He appeared an ascetic, talked as a politician and worked like an activist. That is Swami Agnivesh.
He was born as Vepa Shyam Rao in an orthodox Hindu Brahmin family in Srikakulam, Andhra Pradesh, on Sept 21, 1939. Since his father died when he was four years old, he was brought up by his maternal grandfather, a former Diwan.
After studying Commerce and Law, he became a lecturer in Management in the renowned St. Xavier’s College, Kolkata. Then he practised Law as a junior to Sabyasachi Mukherji, who later became the Chief Justice of India.
But seeing the social and economic injustices, he quit his promising career to become a fulltime worker of the Arya Samaj in 1968. He renounced all his worldly possessions, family ties and high caste status in 1970 by embracing sanyas and adopted the name Swami Agnivesh.
Influenced by the great scholars Swami Indravesh, Swami Dayanand Saraswati, Karl Marx and Gandhiji, Agnivesh founded the political party Arya Sabha on the principles of Arya Samaj in 1970 that would work for social spirituality, rejecting materialism. Joining the Total Revolution movement spearheaded by Jayaprakash Narayan, Agnivesh had to go underground during the Emergency in 1975 and was jailed for 14 months. Later he founded the World Council of Arya Samaj, an organisation distinct from Dayanand’s Arya Samaj, and served as its president from 2004 -2014.
Agnivesh founded in 1981 the Bandhua Mukti Morcha (Bonded Labour Liberation Front), which demanded freedom of those children and labourers kept as slaves in quarries, brick kilns and carpet-weaving trades. It has helped release more than 1, 72, 000 workers and has created a number of trade unions. Known in the world for his work among the bonded labourers, thrice he was elected the chairperson of the UN Trust Fund on Contemporary Forms of Slavery.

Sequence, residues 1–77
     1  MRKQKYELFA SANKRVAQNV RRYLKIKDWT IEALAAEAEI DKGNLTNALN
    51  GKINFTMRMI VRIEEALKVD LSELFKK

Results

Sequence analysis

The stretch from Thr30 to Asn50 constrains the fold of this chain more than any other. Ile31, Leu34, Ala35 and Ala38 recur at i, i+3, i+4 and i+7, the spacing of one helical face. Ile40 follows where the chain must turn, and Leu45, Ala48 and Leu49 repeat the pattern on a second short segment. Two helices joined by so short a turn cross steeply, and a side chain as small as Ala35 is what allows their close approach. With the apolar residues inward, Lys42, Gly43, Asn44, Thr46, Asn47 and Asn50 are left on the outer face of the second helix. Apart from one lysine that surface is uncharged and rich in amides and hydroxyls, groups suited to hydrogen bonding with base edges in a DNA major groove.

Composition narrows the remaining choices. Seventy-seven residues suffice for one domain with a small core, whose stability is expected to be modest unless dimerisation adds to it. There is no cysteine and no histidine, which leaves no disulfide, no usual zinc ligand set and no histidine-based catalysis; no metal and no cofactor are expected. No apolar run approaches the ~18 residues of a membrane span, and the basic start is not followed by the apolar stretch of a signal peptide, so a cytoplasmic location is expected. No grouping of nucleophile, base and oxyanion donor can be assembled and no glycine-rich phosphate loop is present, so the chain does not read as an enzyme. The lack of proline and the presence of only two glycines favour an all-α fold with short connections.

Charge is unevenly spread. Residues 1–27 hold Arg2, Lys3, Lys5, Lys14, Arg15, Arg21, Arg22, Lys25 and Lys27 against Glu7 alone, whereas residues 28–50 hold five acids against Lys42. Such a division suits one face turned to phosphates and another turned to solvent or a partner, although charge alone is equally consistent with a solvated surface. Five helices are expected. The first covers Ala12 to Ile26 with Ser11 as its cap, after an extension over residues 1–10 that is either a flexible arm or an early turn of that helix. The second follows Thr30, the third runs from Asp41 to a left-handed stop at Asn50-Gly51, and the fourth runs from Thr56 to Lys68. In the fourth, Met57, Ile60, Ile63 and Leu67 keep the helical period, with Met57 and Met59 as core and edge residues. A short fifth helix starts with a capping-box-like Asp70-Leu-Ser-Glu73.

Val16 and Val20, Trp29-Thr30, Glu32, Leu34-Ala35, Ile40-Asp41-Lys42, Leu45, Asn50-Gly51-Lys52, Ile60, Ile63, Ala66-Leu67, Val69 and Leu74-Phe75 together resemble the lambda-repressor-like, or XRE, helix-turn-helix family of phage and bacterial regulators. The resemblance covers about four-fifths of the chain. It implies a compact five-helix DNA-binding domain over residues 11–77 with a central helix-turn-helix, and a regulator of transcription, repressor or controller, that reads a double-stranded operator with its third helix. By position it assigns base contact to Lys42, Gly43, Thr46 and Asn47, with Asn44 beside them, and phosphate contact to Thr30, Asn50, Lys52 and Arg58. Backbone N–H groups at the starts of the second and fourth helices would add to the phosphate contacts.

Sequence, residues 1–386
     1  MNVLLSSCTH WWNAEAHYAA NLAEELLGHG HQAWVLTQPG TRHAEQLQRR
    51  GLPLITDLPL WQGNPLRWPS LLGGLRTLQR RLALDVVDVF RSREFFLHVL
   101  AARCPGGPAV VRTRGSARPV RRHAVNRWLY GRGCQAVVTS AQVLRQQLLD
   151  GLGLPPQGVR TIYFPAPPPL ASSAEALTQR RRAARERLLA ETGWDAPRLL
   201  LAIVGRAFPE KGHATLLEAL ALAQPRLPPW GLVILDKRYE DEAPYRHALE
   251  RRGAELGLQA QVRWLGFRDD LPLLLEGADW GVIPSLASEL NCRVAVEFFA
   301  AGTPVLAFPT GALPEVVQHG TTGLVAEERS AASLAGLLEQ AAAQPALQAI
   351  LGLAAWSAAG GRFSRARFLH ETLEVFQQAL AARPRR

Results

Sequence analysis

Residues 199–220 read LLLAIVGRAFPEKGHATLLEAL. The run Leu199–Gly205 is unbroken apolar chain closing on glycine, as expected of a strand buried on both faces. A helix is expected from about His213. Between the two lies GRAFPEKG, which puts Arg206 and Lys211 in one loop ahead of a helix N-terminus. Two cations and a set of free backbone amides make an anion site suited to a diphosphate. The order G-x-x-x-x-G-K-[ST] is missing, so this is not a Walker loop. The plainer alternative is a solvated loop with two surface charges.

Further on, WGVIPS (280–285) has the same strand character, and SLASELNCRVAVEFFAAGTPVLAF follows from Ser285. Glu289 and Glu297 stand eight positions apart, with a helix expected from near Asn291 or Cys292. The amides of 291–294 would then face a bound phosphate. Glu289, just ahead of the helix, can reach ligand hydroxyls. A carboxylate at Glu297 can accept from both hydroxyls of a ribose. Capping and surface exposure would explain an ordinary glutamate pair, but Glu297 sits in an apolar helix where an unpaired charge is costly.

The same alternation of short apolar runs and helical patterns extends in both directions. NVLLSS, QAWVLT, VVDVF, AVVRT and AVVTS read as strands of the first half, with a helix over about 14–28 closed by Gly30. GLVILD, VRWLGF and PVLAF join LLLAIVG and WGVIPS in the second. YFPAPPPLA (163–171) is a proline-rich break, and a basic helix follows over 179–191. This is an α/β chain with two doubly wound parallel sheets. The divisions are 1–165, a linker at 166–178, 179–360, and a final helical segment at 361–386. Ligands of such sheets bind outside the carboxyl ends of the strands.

Though elected to be an MLA of Haryana in 1977 and became a cabinet minister, he resigned it to devote for social justice movements. He had participated in countless people’s movements.
He has penned his ideology in his books: Religion, Spirituality and Social Action; Hinduism in the new age; Harvest of hate; Religion, Revolution and Marxism; and Vaidik Samajvad. As the chief editor for a decade of fortnightly Rajdharma and monthly Kranti Dharmi for three years, he had propagated his ideals.
Recognizing his social and humanitarian services, Agnivesh was honoured with awards like the Sweden’s Alternative Nobel Peace Prize, the Right Livelihood Award, in 2004; the Anti-Slavery International Award in London (1990); the Freedom and Human Rights Award in Berne (1994); the Rajiv Gandhi National Sadbhavana Award, and the M. A. Thomas National Rights Award, 2006.
Suffering from liver cirrhosis, the 80 years old Agnivesh died in N. Delhi on Sept 11, 2020. Clad in saffron from top to bottom, Swami Agnivesh had said, “Saffron is my uniform for socio-spiritual action, a call to battle on behalf of the oppressed.”
“One person can make a difference. And everyone should try.” - Former US President John F. Kennedy